Unraveling the Mysteries of Yaks and Enticing Yak Fiber: Everything You Need to Know

  • Unraveling the Mysteries of Yaks and Enticing Yak Fiber: Everything You Need to Know

Unraveling the Mysteries of Yaks and Yak Fiber: Everything You Need to Know

Yaks Facts and Husbandry

This deep dive on yaks and yak fiber is part of the Animal Fiber Encyclopedia

Special Thanks to Deep Draw Yak Ranch, for supplying fiber and allowing me to get footage of their sweetheart yaks!

  1. Names – Animal- Yak, Tartary ox, grunting ox, hairy cattle, Tibetan yak, and B. grunniens. Fiber – Khullu (down)
  2. Species and Breed: Yaks or Bos grunniens are part of the Bovidae family and are related to cattle and bison. There are several different breeds, Jiulong Yaks are specifically known for their fiber production. Zhongdian, Jiulong or Alpine, Maiwa, Gannan, Pali, Sibu, Huanhu, Bazhou, Plateau, Menyuan (county), and the Tianzhu White. Currently, the importation of yaks and yak embryos is heavily controlled so not all breeds are currently accessible.
  3. Historic roles – Yaks have historically worked pulling plows and for threshing. Yak work as pack animals and they can be ridden. Yak produces lean, high-protein meat that is low in saturated fat and high in omega 3s. Yaks also produce high-fat milk. Yak wool, or Khullu, is a luxury fiber.
  4. Animal Origin and History – Yaks are native to Central Asia, most notably in the areas of Tibet, Nepal, Northern India, and the steppes. Yaks are believed to have been domesticated around 10,000 years ago by the Qiang people of Tibet. While many think of Tibetan yak and Mongolian yak as separate yak types, there is no significant distinction among wild yaks. Large-scale hunting in the 1800s devastated the wild populations.
  5. Natural Range and Climate Needs – In the past the range of wild yaks reached from Siberia, the Tibetan Plateau to the Himalayas. They can survive extreme cold and high altitudes. Fully adapted to cold weather, they have almost no sweat glands. As a result, they can have difficulty in hot humid environments.
  6. Nutritional Needs: Yaks are ruminants. They eat grass and herbs. They are known to be gentle feeders and do not tear up the roots of grasses like other livestock. Yaks are also efficient feeders and require less grass or hay than the same number of cattle. Yak have a unique biome that leaves their droppings odorless. For best yak fiber growth, ensure adequate protein intake.
  7. Housing and Shelter: While Yaks have evolved in extreme conditions, they still can benefit from shelter. In areas with warmer temperatures, shaded areas will keep animals more comfortable and will limit the risk of overheating. In colder areas, especially those that are windy and wet, a shelter with two sides will allow yaks to conserve food energy for meat and fiber production. Removing burr-producing plants from yak pastures will also improve fiber yields and quality.
  8. Health and Veterinary Care: Yaks are vulnerable to most cattle diseases and parasites. Worldwide, yaks are vulnerable to hoof and mouth disease. Importing of yak, embryos, and yak fluids is very limited to prevent the spread of that pathogen. There has been a reported case of yak contracting the deer infection Epizootic Hemorrhagic disease (EHD). Symptoms for EHD are similar to hoof and mouth disease so careful monitoring and testing is important to prevent the spread.
  9. Reproduction and Breeding: Yaks are a summer breeder. Yaks reach sexual maturity between 6 and 8 years old. Their gestation lasts for nine months. Females usually deliver a single calf and calves nurse for a year. Following weaning females will be ready to be ready to breed again. While females can go into oestrus as many as four times in 12 months, they are only receptive for a few hours. Yaks grow more slowly than cattle, but they also live longer with and average life span of 30 years.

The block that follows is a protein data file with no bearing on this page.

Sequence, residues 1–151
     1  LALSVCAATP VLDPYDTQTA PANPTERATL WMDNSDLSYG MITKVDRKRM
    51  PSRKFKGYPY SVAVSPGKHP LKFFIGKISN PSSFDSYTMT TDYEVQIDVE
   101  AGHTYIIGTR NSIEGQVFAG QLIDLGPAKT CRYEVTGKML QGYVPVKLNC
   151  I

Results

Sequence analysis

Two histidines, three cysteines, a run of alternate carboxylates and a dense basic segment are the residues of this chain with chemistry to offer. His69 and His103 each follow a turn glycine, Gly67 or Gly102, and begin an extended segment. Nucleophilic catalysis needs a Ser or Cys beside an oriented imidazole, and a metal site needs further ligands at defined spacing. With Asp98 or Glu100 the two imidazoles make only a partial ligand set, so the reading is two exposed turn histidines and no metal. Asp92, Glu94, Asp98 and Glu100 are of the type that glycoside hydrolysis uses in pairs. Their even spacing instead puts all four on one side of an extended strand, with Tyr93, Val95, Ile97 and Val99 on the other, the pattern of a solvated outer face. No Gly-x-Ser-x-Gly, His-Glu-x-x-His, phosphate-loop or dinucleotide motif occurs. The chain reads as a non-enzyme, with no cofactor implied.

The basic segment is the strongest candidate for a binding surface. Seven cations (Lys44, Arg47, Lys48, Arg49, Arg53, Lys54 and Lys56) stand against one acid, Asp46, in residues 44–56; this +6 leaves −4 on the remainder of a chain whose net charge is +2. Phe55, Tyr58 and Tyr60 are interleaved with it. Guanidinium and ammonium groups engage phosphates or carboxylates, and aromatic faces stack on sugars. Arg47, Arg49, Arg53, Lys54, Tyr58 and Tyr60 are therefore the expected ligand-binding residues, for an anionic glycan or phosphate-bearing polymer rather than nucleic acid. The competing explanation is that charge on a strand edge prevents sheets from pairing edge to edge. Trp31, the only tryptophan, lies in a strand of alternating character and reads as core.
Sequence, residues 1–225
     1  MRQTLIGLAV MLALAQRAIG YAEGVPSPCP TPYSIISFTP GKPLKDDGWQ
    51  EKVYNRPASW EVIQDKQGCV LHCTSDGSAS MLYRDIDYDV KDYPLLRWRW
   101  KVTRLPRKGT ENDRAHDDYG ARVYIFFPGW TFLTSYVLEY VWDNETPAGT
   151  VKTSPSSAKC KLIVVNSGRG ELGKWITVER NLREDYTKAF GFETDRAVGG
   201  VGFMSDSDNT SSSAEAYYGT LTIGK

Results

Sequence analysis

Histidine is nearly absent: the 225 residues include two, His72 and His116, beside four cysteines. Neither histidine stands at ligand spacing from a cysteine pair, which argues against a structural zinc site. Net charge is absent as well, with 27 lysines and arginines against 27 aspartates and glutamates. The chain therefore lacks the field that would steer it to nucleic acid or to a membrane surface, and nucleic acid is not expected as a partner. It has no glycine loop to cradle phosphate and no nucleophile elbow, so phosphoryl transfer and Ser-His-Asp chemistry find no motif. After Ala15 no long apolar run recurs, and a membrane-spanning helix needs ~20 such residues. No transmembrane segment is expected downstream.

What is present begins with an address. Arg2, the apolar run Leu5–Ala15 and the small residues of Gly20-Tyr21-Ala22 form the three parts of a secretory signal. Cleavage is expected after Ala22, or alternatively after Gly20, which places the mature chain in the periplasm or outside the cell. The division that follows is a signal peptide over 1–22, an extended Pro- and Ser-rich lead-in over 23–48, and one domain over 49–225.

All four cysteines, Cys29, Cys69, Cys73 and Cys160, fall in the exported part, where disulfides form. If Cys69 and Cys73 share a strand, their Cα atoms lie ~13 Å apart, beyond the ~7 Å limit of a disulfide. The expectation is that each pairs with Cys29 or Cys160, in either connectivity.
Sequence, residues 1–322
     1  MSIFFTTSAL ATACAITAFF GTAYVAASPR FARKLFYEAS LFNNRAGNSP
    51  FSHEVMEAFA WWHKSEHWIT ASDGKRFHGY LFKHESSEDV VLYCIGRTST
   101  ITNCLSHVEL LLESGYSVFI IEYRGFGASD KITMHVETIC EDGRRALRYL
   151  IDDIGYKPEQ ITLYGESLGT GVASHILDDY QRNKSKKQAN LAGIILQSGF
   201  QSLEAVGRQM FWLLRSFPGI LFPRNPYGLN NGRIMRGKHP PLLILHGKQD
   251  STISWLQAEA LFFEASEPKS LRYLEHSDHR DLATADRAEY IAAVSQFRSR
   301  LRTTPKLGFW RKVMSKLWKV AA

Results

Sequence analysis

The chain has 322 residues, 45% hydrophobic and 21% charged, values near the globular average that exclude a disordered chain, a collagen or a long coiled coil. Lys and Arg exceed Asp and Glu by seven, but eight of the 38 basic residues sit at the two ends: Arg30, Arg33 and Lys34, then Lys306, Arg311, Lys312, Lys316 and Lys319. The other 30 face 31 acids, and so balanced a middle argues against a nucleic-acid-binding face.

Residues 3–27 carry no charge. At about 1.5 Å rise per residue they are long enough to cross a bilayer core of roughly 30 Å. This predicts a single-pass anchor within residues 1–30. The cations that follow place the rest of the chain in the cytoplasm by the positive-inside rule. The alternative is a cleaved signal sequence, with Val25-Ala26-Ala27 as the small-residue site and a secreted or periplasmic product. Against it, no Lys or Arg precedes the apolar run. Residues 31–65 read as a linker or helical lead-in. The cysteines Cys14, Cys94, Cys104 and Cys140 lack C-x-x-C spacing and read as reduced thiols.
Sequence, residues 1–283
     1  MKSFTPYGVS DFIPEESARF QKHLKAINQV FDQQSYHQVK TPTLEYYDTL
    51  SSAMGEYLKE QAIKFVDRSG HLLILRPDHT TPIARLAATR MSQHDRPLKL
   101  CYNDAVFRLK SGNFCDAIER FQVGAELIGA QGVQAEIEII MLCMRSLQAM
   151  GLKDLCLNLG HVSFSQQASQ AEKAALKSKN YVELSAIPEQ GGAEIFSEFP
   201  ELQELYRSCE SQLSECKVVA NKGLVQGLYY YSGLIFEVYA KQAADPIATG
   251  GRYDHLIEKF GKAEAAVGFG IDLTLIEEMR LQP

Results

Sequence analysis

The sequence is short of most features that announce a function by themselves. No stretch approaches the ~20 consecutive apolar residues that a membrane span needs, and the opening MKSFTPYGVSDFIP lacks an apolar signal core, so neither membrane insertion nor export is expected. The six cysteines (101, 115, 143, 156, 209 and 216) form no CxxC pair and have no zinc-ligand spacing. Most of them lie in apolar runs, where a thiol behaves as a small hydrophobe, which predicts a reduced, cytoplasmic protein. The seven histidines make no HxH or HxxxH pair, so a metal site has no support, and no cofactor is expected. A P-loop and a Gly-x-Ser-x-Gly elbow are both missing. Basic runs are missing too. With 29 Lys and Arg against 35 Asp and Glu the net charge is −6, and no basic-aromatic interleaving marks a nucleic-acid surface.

10. Behavior and Social Structure: Yaks are herding animals and do best when kept in groups. Female groups are led by a dominant matriarch. Males are kept in separate groups except during breeding. They do have a herd hierarchy and can be aggressive to other members of the herd, but are generally docile with people. Females can be protective if they have young calves. Yaks are playful, gentle, and easy to train.
  11. Handling and Transportation: Like other Bovines, Yaks require squeeze chutes for safe close inspection and veterinary procedures. Because of their gentle nature, they can also be brushed or groomed in a more open atmosphere. They are best transported as with cattle, in a livestock trailer.
  12. Waste Management and Environmental Impact: Yak manure is notable for its lack of odor. Tibetan households have a long history of using Yak dung as a fuel. It has a unique place in Tibetan culture and is used for celebrations like weddings and other important ceremonies like funerals. While the burning of Yak dung has come under fire as polluting, current solutions are not cost-effective for impoverished villages and herders where dung can be had for free. Yak dung does compost well.
  13. Market Considerations: As of early 2024, Google Trends reflects a growing interest in both yak meat and yak wool, with meat having the edge in terms of interest. In 2023 CNN ran a video feature on Yak wool being the new cashmere, citing yak as more sustainable than goat herding. Ranchers in Iowa, Wyoming, Kansas, and South Dakota are investing and promoting yak as healthy meat. There is plenty of growth potential here, but whether the public accepts yak remains to be seen.
  14. Ethical Considerations: While wild yak are endangered, domestic yak are estimated to number as high as 15 million. That’s excellent news as it means wild populations are in less danger of poaching, but it does limit the available land for wild yaks. Yak down is collected by raking their coat in the spring as it falls out. This does not cause the yak pain. See the video below.